Drone club flies high over ARC


Shane Lipscomb lifts his hand to the sky in an effort to lock in to the drones smart capture, where the drone will follow hand signals, to get it to land without a remote. April 4, 2018. (Photo by Brienna Edwards)

Brienna Edwards

A typical afternoon on any given Tuesday or Wednesday will find Shane Lipscomb, an Administrative Assistant, trudging across American River College’s soccer field, where he will soon be met by a small collection of students.

Inevitably they all assemble, standing together by the team bench, dropping their backpacks down onto its metal surface, it is here that they laugh and joke, and catch up on each others’ week.  

However, it is not Lipscomb’s great love for ‘the beautiful game’ that sends them to the far reaches of the campus, because  in his hand he carries a small black case.

The case contains an unmanned aerial vehicle or more specifically, a drone, and this small group has gathered to fly it.

The Drone  club, for lack of a better term, originated a couple of years ago, said Lipscomb.

There was a design student, who wanted to, as part of a project he was working on in class, design and print a drone, so he did,” Lipscomb said.

From there he and his fellow students began flying it as part of demonstrations on campus.

“People started showing an interest, and so more people wanted to fly,” Lipscomb said.

Not long after, “the technology met an ease to use and a price point where the school could justify purchasing a couple as design platforms,” he said.

Soon the club’s goal came to fruition.

“We had the drones, people were interested and Cheryl [Sears] lets us have the fields Monday and Wednesday at noon,” he said.

Sears works in Administrative Services at ARC, she is also the Operations Department; all flights must be scheduled and approved through her.

“Students can fly without a license if they are just flying for fun, or if they are flying in pursuit of some educational purpose,” Lipscomb said. If it is for a class, or simply for enjoyment a student can fly a drone campus.

The club also takes extra precautions to remain safe.

“We have adopted the rule for specific authorization so while hobbyist could fly up to 400 feet here, we ask people to stay at the light level and below, at around 60 feet,” Lipscomb said.

In addition, if an aircraft is flying in the vicinity of the school and is visible, they will land their drones, and wait until it has flown over.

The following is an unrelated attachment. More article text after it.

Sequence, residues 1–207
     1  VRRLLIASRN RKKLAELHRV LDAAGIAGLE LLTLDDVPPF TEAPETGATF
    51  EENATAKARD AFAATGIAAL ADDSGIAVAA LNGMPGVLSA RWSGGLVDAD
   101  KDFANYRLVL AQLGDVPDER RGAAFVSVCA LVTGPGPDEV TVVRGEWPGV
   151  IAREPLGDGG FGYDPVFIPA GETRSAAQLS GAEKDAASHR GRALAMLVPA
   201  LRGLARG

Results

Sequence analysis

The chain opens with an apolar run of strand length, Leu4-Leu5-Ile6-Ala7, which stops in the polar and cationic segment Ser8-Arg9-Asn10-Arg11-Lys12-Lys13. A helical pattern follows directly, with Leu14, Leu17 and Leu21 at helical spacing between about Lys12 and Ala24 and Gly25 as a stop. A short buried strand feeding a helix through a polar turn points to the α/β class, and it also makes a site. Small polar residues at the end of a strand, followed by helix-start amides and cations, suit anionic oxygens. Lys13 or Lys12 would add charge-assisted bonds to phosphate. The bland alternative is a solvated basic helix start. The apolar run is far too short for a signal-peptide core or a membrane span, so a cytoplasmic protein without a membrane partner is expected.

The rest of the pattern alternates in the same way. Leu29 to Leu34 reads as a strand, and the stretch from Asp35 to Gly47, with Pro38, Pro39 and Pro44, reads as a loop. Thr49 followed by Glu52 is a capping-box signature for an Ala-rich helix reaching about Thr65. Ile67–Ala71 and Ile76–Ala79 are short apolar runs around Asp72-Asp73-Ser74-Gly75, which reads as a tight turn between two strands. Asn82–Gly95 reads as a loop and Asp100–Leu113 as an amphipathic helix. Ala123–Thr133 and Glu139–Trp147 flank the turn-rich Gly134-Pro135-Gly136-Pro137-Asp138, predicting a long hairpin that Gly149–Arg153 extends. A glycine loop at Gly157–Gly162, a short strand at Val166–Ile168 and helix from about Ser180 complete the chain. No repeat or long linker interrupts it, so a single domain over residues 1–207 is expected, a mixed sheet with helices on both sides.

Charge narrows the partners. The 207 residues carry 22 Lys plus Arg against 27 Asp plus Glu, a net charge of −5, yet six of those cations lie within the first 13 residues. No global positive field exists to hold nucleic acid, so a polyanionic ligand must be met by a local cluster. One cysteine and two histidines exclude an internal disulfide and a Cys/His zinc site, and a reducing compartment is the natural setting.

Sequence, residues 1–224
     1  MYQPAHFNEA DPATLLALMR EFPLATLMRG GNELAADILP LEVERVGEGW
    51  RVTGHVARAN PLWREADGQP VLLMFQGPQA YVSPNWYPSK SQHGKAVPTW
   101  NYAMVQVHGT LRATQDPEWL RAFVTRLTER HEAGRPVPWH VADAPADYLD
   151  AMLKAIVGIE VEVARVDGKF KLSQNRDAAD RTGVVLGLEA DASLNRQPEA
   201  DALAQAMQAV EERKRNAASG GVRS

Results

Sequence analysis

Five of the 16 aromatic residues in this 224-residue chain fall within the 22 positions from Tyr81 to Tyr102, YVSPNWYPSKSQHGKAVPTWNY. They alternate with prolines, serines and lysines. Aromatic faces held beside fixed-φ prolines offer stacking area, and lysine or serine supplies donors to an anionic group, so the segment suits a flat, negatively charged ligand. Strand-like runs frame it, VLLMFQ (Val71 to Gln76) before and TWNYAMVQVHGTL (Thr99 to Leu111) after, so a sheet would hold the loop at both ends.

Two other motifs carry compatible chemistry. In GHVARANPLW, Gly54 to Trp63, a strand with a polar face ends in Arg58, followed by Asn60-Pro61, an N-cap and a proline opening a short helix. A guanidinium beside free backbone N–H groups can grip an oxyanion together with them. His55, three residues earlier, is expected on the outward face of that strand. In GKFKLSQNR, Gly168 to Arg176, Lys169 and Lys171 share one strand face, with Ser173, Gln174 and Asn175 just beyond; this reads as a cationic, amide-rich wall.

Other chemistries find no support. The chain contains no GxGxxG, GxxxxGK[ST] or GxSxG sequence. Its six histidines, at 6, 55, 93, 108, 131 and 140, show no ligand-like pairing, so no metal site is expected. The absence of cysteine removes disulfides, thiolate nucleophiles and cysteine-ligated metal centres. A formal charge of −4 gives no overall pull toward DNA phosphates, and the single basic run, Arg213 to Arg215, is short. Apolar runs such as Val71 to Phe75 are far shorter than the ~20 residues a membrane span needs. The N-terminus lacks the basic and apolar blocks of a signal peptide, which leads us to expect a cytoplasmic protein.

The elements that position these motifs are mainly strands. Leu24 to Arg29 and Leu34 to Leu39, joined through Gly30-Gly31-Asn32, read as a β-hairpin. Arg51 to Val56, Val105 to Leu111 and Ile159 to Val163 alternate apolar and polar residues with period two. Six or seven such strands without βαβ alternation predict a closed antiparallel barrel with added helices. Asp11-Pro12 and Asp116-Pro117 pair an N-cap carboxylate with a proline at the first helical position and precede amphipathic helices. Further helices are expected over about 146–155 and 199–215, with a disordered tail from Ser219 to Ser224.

“Even though they are not gonna fly that low that doesn’t mean something might not happen to the drone that causes it to take off,” Lipscomb said.

However the location of the school poses some problems for flying.

“Because ARC is within five miles of McClellan [Air Force Base] and five miles within San Juan Medical, everytime we are gonna fly, for fun, we have to call them and let them know,” he said.

The Drone club gathers on the Soccer Field every Tuesday and Wednesday at 12 p.m. to fly their drones. April 4, 2018. (Photo by Brienna Edwards)

Although, this does not apply to commercial flights. The school already possesses a license to fly drones commercially, for any reason that could draw a profit, neither the air force base or the hospital needs to be informed, as long a licensed person is in attendance.

Both Lipscomb and Jason Wilkes, a mechatronics student and the remote pilot operations assistant, have remote pilot licenses and so all flights on campus would be supervised by one or both. They are the only two employees licensed and working with the Operations Department.

Since its inception, the club has gathered a small following of students from a multitude of majors.

Thomas Pfingston, a chemical engineer student, is still learning about drones and how to operate one.

Pfingston said he was in the Design Hub on campus one day when he began to speak to another student, Sean Franklin.

“He was doing some repairs, and I got interested in looking at [them],” Pfingston said. “And I just really wanted to see it come to life.”

Franklin is currently teaching Pfingston how to pilot the drone simply with hand movements, no remote required.

“This is smart gesture, smart capture, so it captures hand signals and images,” Franklin said. “It will recognize your hand, so it will do a couple of things, you can make it go farther away, bring it closer in.”

If the person were to make a box shape with their fingers, for example,  the drone will begin to record video; if he or she holds up two fingers in the form of a peace sign, it will take a picture.

“If you have a group of people and they all put of peace signs, it will take a series of three snapshots, it will like take one, back up take one, back up take another one. It has this software embedded into it,” Franklin said.

The club is currently preparing to use the drones to film upcoming athletic events, however it is illegal to fly over people who are not part of the flight crew, so they are having to get creative.

This could be done in multiple different ways, the club can communicate with the athletic department to determine whether the athletes would be comfortable with a drone buzzing around them, following as they competed.

Or, for example, the track is surrounded by bleachers and wood paneling, meaning that the club could fly their drones over the wood paneling instead of over human heads.

It is Lipscomb’s goal for drones to be utilized across campus, and into other departments.

“I want to either have our own drones [on campus] or to operate a pool of drones that people can check out with approval,” Lipscomb said.